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Obama: once out of office, I’m gonna stop being polite and start getting real

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Andrew Prokop is a senior politics correspondent at Vox, covering the White House, elections, and political scandals and investigations. He’s worked at Vox since the site’s launch in 2014, and before that, he worked as a research assistant at the New Yorker’s Washington, DC, bureau.

Historian Doris Kearns Goodwin has a great new interview with President Obama in Vanity Fair. In the wide-ranging interview, they discuss Abraham Lincoln, Obama’s biggest regrets from his time in office, and how a visit to the pyramids reminded Obama that cable news doesn’t really matter.

But perhaps the most intriguing bit was when, in a brief discussion of Obama’s plans for his post-presidency, Obama hinted that he planned to start speaking out more like an activist than a president.

There are “things,” he told Goodwin, “that in some ways I suspect I’m able to do better out of this office.” He elaborated that because of the “institutional constraints” of the presidency, “there are things I cannot say.”

He went on to essentially say he wanted to use his post-presidential bully pulpit more like an activist than a venerable elder statesman. “There are institutional obligations I have to carry out that are important for a president of the United States to carry out, but may not always align with what I think would move the ball down the field on the issues that I care most deeply about,” he said.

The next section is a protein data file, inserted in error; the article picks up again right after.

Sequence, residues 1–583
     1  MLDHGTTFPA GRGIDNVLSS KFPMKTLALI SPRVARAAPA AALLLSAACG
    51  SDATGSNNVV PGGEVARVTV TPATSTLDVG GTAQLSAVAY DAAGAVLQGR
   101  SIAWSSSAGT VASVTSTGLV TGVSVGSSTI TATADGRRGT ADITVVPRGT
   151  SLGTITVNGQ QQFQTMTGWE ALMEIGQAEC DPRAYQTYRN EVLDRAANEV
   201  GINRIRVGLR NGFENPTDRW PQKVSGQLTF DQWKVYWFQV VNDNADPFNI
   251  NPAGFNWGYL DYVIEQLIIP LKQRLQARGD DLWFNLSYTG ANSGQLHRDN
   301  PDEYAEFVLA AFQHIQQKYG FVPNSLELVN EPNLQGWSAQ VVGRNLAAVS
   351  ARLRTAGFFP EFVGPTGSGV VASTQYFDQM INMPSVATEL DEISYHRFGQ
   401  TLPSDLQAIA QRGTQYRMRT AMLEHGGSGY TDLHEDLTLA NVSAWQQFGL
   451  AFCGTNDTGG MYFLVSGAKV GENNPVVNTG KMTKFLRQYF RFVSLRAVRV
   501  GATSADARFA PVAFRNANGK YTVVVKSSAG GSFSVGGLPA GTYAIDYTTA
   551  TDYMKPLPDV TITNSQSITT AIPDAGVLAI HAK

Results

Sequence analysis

And while vague, this is an intriguing hint that Obama is thinking about being a very different ex-president than we’ve been used to.

Recent ex-presidents have avoided controversy. But Obama suggests he’ll embrace it.

The typical recent ex-president has retreated into a career that involves some charitable work and some buckraking. George H.W. Bush, Bill Clinton, and George W. Bush all mostly withdrew from the daily give and take of politics, and certainly from controversial issues.

Obama will likely do some of both. But he’s unusual in a few key ways. First, as he reminds Goodwin in the interview, he’ll be just 55 years old when he leaves office — if he remains healthy, he could be around for decades. Second, he’s relatively popular now that he’s leaving office. And third, there’s his past as a community organizer.

So it makes sense that Obama wants to help keep pushing for change on issues he feels are important. And by suggesting there are things he can’t say now but will say once he’s out of office, he’s implying that he won’t shy away from controversy.

Head over to Vanity Fair to check out the full excerpt, and to learn more about what Obama is thinking as his presidency winds down.

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